The challenge of liability protection for cyberthreat sharing

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Federal officials agree that industry needs to share threat information with the government, but they differ on what level of protection to offer companies to encourage that sharing.

Speaking at the Chamber of Commerce Cybersecurity Summit in Washington, Commerce Secretary Penny Pritzker said that although the government has an obligation to defend the public against threats to national and economic security, cyber defense cannot be the sole responsibility of federal agencies.

"Laws and regulations alone cannot save us from emerging cyberthreats," she said. "The federal government cannot regulate cyber risk out of existence."

Instead, cybersecurity requires a "new proactive, collaborative approach between government and industry," she said, adding that the conversation must move from static requirements and compliance to agile risk management.

"Yet even as companies and agencies begin speaking the same language of cyber risk, we are not yet having truly candid, actionable conversations because we lack the legal support structure necessary for doing so," Pritzker said.

Some liability protections were enshrined in law under the Cybersecurity Information Sharing Act, which passed as part of the 2016 spending bill, but Pritzker argued that when companies are under cyberattack, they do not immediately turn to the government for help.

"What they see are the downsides of engagement -- potential liability, the risk of punitive action and the investigations that may result from even basic interactions, like reporting an intrusion to the FBI," she said.

Pritzker called for more protections for industry to encourage partnership and information sharing, what she called a "reverse Miranda" protection. "In other words, nothing you say in this setting will be used against you," she said.

"Failure to cultivate that trust will not only leave us vulnerable to attacks on critical infrastructure, but risk slowing the pace of American innovation," Pritzker added.

Deputy Homeland Security Secretary Alejandro Mayorkas agreed that partnering with industry is essential to enhancing cybersecurity.

"We have to liberate ourselves to some degree from the competitive spirit that is so much a part of our efforts in the private sector and take a more communal approach to cybersecurity," he said.

Mayorkas added that cyberthreats differ from other threats, and companies should work together. For instance, two companies in different locations can be hit by the same cybercrime within a short time frame, but if one of them quickly shares the details of a cyber incident, others can take protective action.

"If that becomes the culture of those two companies and the companies around them in their sector and even beyond, then the figurative 'wall of cybersecurity' is built so that we make it more difficult, more time consuming" for cybercriminals to attack.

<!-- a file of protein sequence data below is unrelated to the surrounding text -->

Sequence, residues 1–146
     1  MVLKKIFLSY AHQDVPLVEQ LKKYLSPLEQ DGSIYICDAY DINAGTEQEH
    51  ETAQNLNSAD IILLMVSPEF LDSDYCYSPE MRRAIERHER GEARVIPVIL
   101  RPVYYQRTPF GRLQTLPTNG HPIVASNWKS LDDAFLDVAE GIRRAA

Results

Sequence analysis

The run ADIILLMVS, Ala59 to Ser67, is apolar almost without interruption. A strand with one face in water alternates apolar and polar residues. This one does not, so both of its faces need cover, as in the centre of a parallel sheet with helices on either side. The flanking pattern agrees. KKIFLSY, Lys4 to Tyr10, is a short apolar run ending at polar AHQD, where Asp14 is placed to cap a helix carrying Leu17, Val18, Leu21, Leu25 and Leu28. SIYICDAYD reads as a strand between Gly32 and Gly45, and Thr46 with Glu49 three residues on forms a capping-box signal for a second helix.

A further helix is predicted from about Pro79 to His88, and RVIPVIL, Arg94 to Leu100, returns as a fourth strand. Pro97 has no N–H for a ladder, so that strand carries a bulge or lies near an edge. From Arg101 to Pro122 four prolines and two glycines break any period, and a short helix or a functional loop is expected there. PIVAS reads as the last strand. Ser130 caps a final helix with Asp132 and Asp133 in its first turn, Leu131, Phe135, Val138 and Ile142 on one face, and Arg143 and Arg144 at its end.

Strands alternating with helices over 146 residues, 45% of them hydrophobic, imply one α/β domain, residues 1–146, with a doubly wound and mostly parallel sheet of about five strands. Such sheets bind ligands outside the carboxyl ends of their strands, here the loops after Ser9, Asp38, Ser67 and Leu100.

Mayorkas described that approach as a 21st-century neighborhood watch -- one in which the private sector must allow agencies such as the Department of Homeland Security to participate and share.

He said 50 entities are already participating in DHS' automated information-sharing system, which is designed to quickly share threat data.

"Companies that are willing to participate in this neighborhood watch are statutorily protected from liability for the provision of information, and it is incumbent on us to strip that information of personally identifiable characteristics" when it is shared, he said.

But he expressed serious reservations about extending too many protections through a regulatory or statutory process.

"I would not describe the federal government as nimble," he said, "and the cybersecurity landscape is so dynamic and so rapidly evolving that what I worry about is the implementation of a regulatory level of protection that fits what is occurring today, but by tomorrow may not fit perfectly well. And while we seek to liberate companies in their ability to share information today, we may actually handicap or imprison them tomorrow."

Instead of rigid congressional legislation or statutes, Mayorkas said he'd rather see expanded use of presidential directives that can provide a more flexible protective framework.

He also expressed concern about the need to hold industry accountable for its actions and avoid offering broad immunities in order to protect consumers.

"Here in the cybersecurity realm, the standard of care is not clearly defined," Mayorkas said. Although the National Institute of Standards and Technology's Cybersecurity Framework establishes reasonable guidelines, "it is not equivalent to a standard of care, and what I worry about is that the regulatory agencies are imposing liability and the standard of care is being shaped in the crucible of the courtroom, and I'm not sure that is the most effective and equitable chronology of events."

Rather than fixating on accountability and liability, the focus now should be on protection and response to ensure that cyberthreats and attacks are quickly contained and the damage is minimized.

About the Author

Sean Carberry is a former FCW staff writer who focused on defense, cybersecurity and intelligence.


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